"What do you mean you're not sure? Don't you still love each other?"
"Of course we do, baby. I will always love your father, and he will always love me. After all, we gave each other two beautiful girls, you and Mattie. But that doesn't mean that we should be remarried."
"I don't get it," I said, holding on to the bottle of Mrs. Butterworth's maple syrup.
"What don't you get, Jade?" Mommy asked and stacked three pancakes onto Mattie's plate.
"I don't get why we're here...together...in Daddy's apartment. The two of you are running around here kissing each other like you're still in love. Look at you...you're wearing his jersey and sleeping in the same room with him!" I felt like tears might start falling if I said any more, so I shut up.
"Jade, your father and I have apologized to each other for hurting one another. We have made amends, and now we're just enjoying each other's company. We're better friends now, and we both agree that we enjoy our freedom."
"Are you and Mattie moving back to Atlanta?" I asked and set the bottle of syrup in front of Mattie, and then placed my hands on my hips, the legs of my pajama pants touching the floor. I waited for an answer.
"I'm thinking about moving back," she said. "I know it's hard living with Grandmother. And I know that you and Mattie want to be near your father. It feels like the right thing to do."
"So we're moving in with Daddy?" Mattie asked, her mouth filled with pancakes.
"Don't talk with your mouth full, little girl," Mommy told her and then handed her a paper towel to wipe her mouth with. "We're moving back to Atlanta, but I don't think we're going to be moving in with Daddy."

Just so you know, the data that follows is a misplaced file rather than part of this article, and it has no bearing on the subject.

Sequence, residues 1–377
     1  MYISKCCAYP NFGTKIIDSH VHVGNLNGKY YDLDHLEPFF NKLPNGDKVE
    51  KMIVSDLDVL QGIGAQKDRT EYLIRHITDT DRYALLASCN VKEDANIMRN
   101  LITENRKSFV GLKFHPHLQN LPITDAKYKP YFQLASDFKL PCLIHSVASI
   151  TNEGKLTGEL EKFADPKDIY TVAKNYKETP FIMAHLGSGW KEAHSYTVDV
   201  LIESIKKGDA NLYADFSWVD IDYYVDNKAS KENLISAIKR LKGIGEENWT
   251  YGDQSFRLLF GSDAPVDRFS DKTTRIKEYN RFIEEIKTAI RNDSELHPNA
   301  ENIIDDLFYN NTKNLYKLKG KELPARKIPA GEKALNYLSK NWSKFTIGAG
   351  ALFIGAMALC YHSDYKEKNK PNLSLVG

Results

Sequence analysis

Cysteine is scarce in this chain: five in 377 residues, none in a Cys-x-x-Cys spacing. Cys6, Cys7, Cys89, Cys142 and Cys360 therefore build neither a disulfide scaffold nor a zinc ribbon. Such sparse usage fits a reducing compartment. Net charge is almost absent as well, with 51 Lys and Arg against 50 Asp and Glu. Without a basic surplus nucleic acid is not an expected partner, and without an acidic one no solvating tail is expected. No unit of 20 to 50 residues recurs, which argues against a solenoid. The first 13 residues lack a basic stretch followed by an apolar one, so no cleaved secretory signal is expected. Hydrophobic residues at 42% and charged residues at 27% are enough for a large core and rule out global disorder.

"You're kidding, right?" I asked, not believing my ears.
"No, I'm not kidding," Mommy said. "In fact, I looked at an apartment yesterday and put a deposit down on it."
"An apartment where?" I asked.
"Right here in this complex," she said in a matter-of-fact sort of way. "That way you can continue to go to the same school, and Mattie can go to her old elementary school."
She didn't seem to be bothered by the fact that we'd be wasting a whole lot of money by spending it on separate apartments, when Daddy had plenty of room right here for all of us. And what was worse was that we'd be wasting money on an apartment in the same complex. Parents were strange. She was always telling me to think things through, and here she was not thinking at all.
"How many pancakes you want, Jade-bug?" she asked, changing the subject.
Suddenly my appetite was gone, and I wanted nothing more than to rush to my room and cover my head with a pillow.
"Not hungry," I mumbled and walked out of the kitchen. Left her standing there with a spatula in her hand and that Aunt Jemima-looking scarf on her head.